Multi-party Collaborative Education: A New Way to Train High-Quality Engineering Talents in China
Center for Engineering Education, Tsinghua University, China, People's Republic of
Proficient engineering problem-solving skills are indispensable for engineers, but the limited engineering practice experience provided by universities cannot meet the future work requirements and career development needs of engineering graduates. To give full play to the role of university external resources in training engineering talents, China has proposed and implemented a multi-party collaborative education(MPCE) model in which universities, enterprises, scientific research institutions, industry organizations, and governments have cooperated in-depth. Different from previous engineering education reform policies, MPCE is the first important engineering education reform made by China from the level of national development planning since entering the 21st century. This model aims to carry out the cooperation with various stakeholders outside the university in a larger scope and deeper degree, to train all kinds of engineering talents to better match industry requirements and adapt to the current and future development of economic society. To provide some inputs and rationales to engineering education policymakers in other national contexts, this paper systematically sets out China's MPCE model, and analyzes the MPCE conceptual framework and the roles of universities, enterprises, research institutes, governments, and industry organizations in MPCE. It is concluded that the systematicness, synergy, and integrity of policies are crucial to the formation and development of the university-industry interaction.
Engineering Graduates at a South African University and their Prospective Employers – Expectations and Reality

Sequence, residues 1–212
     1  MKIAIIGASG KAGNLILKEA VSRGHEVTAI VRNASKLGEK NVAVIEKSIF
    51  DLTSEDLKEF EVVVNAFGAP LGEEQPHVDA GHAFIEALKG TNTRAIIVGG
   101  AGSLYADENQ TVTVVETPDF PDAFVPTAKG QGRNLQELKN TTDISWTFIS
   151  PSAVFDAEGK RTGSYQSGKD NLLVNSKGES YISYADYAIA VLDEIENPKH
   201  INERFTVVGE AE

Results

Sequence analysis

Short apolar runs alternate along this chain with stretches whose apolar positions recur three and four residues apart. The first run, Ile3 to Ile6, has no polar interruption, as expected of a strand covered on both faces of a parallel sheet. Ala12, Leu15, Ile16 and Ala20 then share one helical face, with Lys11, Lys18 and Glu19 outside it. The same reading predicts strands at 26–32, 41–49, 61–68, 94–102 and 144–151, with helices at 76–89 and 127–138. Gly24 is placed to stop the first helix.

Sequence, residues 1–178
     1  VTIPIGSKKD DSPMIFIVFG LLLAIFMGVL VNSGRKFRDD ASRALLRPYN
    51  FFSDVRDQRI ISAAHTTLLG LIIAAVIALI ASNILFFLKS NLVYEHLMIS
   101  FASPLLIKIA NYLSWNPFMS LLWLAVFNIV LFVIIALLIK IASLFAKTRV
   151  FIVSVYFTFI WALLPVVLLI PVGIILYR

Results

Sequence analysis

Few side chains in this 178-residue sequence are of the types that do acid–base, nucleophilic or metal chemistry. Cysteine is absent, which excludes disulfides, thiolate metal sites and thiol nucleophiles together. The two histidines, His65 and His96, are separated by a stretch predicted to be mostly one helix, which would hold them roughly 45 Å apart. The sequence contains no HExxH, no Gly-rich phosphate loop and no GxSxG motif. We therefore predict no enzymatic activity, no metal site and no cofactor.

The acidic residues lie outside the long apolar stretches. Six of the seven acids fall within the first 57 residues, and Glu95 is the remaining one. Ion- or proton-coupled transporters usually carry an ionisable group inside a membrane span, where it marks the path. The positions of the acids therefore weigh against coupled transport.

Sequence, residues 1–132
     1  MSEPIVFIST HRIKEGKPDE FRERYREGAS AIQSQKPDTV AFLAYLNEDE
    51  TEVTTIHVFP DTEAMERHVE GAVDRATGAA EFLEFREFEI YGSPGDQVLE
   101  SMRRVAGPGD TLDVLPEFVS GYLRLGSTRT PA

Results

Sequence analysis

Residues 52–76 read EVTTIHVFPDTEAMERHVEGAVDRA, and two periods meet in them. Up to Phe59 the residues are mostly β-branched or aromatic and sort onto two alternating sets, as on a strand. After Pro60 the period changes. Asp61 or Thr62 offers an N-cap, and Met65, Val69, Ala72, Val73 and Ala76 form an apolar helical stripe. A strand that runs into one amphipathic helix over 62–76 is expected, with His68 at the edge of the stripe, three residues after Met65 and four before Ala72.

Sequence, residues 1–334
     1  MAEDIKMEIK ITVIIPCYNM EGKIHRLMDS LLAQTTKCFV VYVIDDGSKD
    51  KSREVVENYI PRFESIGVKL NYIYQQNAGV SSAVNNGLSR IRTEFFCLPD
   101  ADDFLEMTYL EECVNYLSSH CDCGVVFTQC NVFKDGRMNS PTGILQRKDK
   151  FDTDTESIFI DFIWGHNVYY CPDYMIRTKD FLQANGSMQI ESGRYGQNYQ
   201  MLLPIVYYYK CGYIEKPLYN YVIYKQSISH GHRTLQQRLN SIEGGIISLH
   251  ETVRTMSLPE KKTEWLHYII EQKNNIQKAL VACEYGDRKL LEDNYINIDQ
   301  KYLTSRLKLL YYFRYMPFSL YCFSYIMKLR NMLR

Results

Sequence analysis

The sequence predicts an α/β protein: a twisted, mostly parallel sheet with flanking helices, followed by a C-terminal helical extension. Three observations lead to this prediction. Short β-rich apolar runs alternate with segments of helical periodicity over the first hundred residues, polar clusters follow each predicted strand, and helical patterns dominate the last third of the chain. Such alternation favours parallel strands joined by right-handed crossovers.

University of KwaZulu-Natal, South Africa
Since the dawn of democracy in South Africa in 1994, numerous changes have occurred at tertiary institutions to enable greater access for people of all backgrounds and increased graduate throughput to fulfil the needs of the labour market for engineers. Widespread changes in the size and composition of successive undergraduate engineering cohorts have occurred. Simultaneously, the needs of industry have undergone significant changes due to the information age, globalisation and the rapid increase in technological advances and access to technology. This study attempted to assess the alignment between the expectations of students who have graduated in engineering, the expectations of engineering employers and reality. A mixed methodology was developed. The study firstly surveyed engineering graduates at a South African University using a questionnaire developed for quantitative analysis. Convenience sampling and a positivist approach were used. Graduates’ needs, study approaches, employment and workplace expectations were determined, analysed and interpreted through the lens of three frameworks, namely Biggs’ study motives and strategies, Bloom’s taxonomy and Boundaryless and Protean careers. Secondly, the study surveyed all engineering discipline academic leaders at the University by qualitative, semi-structured interview within an interpretivist paradigm and using deductive thematic semantic analysis. Academic leaders were used as a proxy for obtaining industry opinion and expectations and questioned on a number of themes including graduate and employer expectations, positive or negative trends, graduate training programmes, further training and postgraduate study, exit-level outcomes (ELOs) and graduate attributes, the reality of mis-alignment and what the University can do to limit it. Responses were collated and compared quantitatively and qualitatively where appropriate. A number of issues and mis-alignments was identified together with causes of mis-alignment. Mis-alignment was identified in salary, growth and guidance expectations, confidence, software and niche proficiencies and innovation expectations. Key causes included language barriers, lack of engineering hobbyist backgrounds, workload and study strategies, assessment changes and personal responsibility. Findings were discussed within the three theoretical frameworks mentioned above and summarised in light of the objectives of this study. Recommendations for the University to play a role in mitigating many of the issues and mis-alignment were provided, along with recommendations for any possible future research in this area.